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Tsukune (Japanese Chicken Meatballs) つくね
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Tsukune (Japanese Chicken Meatballs) つくね

Tsukune are my absolute favorite yakitori bar order and something I get multiple times when I'm in Japan. This recipe is for home cooking and is adapted to use the oven. An easy straightforward recipe for an almost authentic Japanese Tsukune.
Course Appetizer, Side Dish, Tapas
Cuisine Japanese
Keyword Authentic Japanese Recipes, Japanese Chicken Meatballs, Tsukune, Yakitori Tare
Prep Time 10 minutes
Cook Time 25 minutes
Sauce Time 5 minutes
Total Time 40 minutes
Servings 12 skewers
Calories 127kcal
Cost $5


  • Baking Tray
  • Bowl
  • Silicone Mat (highly recommended)


  • 5 Chicken Thighs bone in, skin on
  • 1 Shallot finely chopped
  • 3 Green Onions finely chopped
  • 1 tbsp Potato Starch
  • 1 Egg plus more yolks for dipping

Yakitori Tare

  • 2 tbsp Water
  • 2 tbsp Soy Sauce
  • 2 tbsp Mirin
  • 2 tbsp Sugar


  • In a small pan simmer together the yakitori tare ingredients until slightly thickened, about 5 minutes. Set aside. Also at this point put your skewers in a tray of water to soak.
  • Remove the chicken thighs from the bone and mince everything with a sharp knife. Chop until you get something slightly more rough than ground.
  • Add the chicken thigh mince to a bowl along with the egg, potato starch, green onion, shallot, and a pinch of salt. Knead everything together for quite a while, around 10 minutes should do it. Treat it like kneading bread, you want to knead for so long the mixture is sticky-tacky.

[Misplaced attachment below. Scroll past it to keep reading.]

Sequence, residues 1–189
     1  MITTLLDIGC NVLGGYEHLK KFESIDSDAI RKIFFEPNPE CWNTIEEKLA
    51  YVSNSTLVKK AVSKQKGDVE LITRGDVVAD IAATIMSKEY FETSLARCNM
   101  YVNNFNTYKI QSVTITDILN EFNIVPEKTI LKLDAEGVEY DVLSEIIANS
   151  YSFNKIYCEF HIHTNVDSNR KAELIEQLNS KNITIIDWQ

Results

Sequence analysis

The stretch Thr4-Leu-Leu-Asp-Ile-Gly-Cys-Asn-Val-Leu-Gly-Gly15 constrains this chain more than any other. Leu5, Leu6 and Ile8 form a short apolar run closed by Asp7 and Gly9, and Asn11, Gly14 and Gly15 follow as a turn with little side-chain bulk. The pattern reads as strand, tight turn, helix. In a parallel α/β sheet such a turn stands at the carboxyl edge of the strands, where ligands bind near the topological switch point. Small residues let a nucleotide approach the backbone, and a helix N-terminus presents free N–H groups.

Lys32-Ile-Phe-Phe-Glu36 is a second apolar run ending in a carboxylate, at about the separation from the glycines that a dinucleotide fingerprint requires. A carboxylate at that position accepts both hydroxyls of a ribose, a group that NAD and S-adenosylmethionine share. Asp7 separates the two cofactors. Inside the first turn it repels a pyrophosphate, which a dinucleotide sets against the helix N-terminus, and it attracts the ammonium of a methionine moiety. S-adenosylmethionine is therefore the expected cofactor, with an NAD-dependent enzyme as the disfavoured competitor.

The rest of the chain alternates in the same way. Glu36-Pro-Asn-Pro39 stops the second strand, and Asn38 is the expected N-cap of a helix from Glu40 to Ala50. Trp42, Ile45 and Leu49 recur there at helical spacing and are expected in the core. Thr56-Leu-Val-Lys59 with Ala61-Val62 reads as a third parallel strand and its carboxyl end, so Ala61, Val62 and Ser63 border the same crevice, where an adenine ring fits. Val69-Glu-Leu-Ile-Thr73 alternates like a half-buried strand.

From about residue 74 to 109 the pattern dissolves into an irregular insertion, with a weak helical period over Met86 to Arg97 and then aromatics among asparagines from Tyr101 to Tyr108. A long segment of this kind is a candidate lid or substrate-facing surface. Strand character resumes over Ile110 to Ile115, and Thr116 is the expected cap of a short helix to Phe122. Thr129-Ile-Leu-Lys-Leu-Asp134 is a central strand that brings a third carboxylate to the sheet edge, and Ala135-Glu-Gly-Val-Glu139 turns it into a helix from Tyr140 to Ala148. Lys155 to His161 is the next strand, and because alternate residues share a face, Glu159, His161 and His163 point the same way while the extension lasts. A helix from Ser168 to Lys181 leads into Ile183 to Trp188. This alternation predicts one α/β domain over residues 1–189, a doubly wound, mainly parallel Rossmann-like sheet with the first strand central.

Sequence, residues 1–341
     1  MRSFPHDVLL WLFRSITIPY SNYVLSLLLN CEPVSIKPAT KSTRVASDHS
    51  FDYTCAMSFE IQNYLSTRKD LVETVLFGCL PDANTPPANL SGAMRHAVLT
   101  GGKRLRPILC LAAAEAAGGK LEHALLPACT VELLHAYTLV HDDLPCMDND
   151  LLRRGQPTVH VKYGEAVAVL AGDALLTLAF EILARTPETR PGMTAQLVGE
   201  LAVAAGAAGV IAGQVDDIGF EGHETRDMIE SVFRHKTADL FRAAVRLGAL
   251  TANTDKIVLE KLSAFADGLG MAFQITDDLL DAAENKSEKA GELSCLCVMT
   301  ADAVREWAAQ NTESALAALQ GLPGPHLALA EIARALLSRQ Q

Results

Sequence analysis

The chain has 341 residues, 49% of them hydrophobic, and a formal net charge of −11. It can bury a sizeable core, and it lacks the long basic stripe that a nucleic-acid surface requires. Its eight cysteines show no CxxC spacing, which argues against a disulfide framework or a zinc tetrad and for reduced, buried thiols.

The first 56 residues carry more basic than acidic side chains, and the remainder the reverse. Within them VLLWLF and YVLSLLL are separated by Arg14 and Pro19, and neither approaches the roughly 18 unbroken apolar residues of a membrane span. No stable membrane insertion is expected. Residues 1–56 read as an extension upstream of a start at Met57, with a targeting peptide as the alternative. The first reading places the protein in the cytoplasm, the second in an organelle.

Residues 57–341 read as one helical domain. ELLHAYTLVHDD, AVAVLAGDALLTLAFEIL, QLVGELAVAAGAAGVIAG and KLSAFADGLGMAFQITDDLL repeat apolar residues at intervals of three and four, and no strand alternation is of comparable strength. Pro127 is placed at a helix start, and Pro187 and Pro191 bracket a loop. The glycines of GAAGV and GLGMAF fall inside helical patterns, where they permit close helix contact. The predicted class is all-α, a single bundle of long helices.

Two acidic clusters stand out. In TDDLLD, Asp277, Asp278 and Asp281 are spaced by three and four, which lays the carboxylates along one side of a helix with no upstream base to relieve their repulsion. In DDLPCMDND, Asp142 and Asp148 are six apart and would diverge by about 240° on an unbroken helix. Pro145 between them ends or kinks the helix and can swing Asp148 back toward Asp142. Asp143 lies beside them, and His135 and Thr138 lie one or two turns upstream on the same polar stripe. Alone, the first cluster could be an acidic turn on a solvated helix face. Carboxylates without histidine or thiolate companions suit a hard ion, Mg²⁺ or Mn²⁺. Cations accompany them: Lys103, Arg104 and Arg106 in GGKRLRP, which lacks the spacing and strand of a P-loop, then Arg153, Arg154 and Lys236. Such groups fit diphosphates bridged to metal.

• Preheat your oven to 225 Celsius. Oil your hands and shape the mixture into elliptical cylinders. Run them through with two skewers and place on a silicone mat lined baking tray.
  • Place the tray with the tsukune on the topmost rack of the oven and bake for 10 minutes. Remove, flip, and brush with the yakitori tare sauce. Place back in the oven on a middle shelf and bake for another 10 minutes. Remove, flip, brush with more yakitori tare, and place back on the topmost shelf for 5 minutes, or until the sauce begins to caramelize.
  • Serve these tsukune with a raw egg yolk and some more chopped green onion. You can also sprinkle a bit more coarse salt right on top.


I end up using about 1 egg yolk per 2-3 tsukune, so you may be wondering what to make with all the leftover whites. You can of course save them in the fridge in a sealed jar until you are ready. I recommend my Egg White Frittata if you want food, Cocoa Hazelnut Meringue Cookies if you want dessert, or the Japanese Silver Fizz if you want to try an egg white cocktail. 


Sodium: 232mg | Calcium: 8mg | Vitamin C: 1mg | Vitamin A: 86IU | Sugar: 3g | Fiber: 1g | Potassium: 130mg | Cholesterol: 60mg | Calories: 127kcal | Saturated Fat: 2g | Fat: 8g | Protein: 9g | Carbohydrates: 5g | Iron: 1mg